Is it Tom Waits with honey in his throat or Elvis Costello with a cold? At times, Robbie Horlick, songwriter and voice of Cassavetes, resonates with both.
Roused by music that pulses with a melancholic urgency, Horlick’s lyrics and melodies are simultaneously spry and sinuous, described by some as “adrift between psychedelic and punk,” and “Constantines-meets-Wilco,” a comparison that draws on the band’s symbiotic use of taut craftsmanship and space. However you describe Horlick’s shadowy and bittersweet off-kilter pop musings, it is almost impossible not to be affected by the earnest, reflective spirit of his songs.
Cassavetes the band emerged out of the desire to translate Horlick’s sonic vision into a dynamic reality. In early 2005, Cassavetes came together to build upon the Horlick’s sonic skeletons, in the studio, and on the stage, and they have been building those skeletons ever since. Their debut full-length release, Funny Story, released on Atlanta imprint Headphone Treats, is a cohesive collection of heartfelt, impassioned rock songs that are as stormy as they are fresh and beautiful. Funny Story navigates a course of futures past, memories lost and dying love, with the candor of regret and the confidence of a last chance. It is the sound of honest ghosts, roaming the streets of an ancient city, and rummaging the past for a lost future.
With a new lineup recruited by Horlick in Summer 2007, consisting of Sean Sawyer (Murder Beach, Wizard Smoke) on drums, Matt Cherry (Maserati, Wizard Smoke) on bass and synths, and Dan Nadolny (Dustrabbit, Wizard Smoke) on guitar and keys, the band continued to build on their cultivated sound while evolving in new directions. With this lineup and a sound that simultaneously pays homage to Bruce Springsteen, Syd Barrett, and The Glands, In early 2009 Cassavetes recorded Faja Blues, the long-awaited follow-up to Funny Story, at Atlanta’s infamous analog recording studio, The Living Room, and clearly benefiting from the same historic surroundings that proved developmentally crucial to success for area favorites like The Black Lips, Mastodon, Anna Kramer and the Selmanaires.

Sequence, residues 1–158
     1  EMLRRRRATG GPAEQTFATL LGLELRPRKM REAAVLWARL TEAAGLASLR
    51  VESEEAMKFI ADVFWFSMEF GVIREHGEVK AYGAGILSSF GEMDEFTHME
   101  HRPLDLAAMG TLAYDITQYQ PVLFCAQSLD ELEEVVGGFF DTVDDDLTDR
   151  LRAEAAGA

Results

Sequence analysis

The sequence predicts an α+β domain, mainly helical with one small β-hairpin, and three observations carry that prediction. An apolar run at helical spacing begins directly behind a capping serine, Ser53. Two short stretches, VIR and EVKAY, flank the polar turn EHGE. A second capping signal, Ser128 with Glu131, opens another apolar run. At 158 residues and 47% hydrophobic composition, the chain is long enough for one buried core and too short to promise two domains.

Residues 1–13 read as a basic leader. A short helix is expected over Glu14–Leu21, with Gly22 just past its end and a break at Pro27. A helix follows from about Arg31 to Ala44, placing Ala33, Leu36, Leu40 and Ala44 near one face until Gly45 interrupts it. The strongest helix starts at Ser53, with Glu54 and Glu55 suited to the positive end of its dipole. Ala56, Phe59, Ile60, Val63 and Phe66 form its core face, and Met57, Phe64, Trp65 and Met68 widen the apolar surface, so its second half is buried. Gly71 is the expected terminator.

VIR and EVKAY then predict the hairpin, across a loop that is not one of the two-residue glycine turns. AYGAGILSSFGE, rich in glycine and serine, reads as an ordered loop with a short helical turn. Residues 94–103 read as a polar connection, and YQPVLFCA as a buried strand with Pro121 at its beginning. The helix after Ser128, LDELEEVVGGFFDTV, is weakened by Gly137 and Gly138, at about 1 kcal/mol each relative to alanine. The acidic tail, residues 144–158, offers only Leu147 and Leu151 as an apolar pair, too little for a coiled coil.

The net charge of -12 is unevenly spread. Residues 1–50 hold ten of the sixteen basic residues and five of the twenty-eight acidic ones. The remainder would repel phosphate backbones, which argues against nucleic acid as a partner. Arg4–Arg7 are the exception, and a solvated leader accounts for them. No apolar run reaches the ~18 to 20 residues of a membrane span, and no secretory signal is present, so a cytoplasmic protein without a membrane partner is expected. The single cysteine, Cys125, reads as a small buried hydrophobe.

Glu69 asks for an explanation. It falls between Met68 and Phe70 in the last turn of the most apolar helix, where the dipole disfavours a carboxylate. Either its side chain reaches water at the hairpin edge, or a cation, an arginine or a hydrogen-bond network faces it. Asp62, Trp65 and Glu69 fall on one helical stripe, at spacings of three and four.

Faja Blues continues on the continuum started on Funny Story, and captures Horlick and company at their most reflective yet, experimenting in their comfort, framing stories of love, life, and other nouns with a seamless array of psychedelic Americana (If I Had Eyes), Kiwi pop (Hugh, That’s Another Story), and slow-burning gems (I Dreamed I Had A Heart Attack). Add to that mixture some welcome experimental tweaks on “Smog with Yo La Tengo” tracks like You Know I’m Writing You A Letter, and you’ll be convinced the name Brian Eno came up more than a few times during “creative direction” discussions. More than just ambient though, Faja Blues is deliberate. Faja Blues displays a Wes Anderson-like craftsmanship, honesty, and highly regarded attention to detail – yet it remains casual. On Faja Blues, Cassavetes illustrate once again that being loose yet meticulous is indeed the epitome of cool. As Claude Debussey said, “Music is the space between the notes.”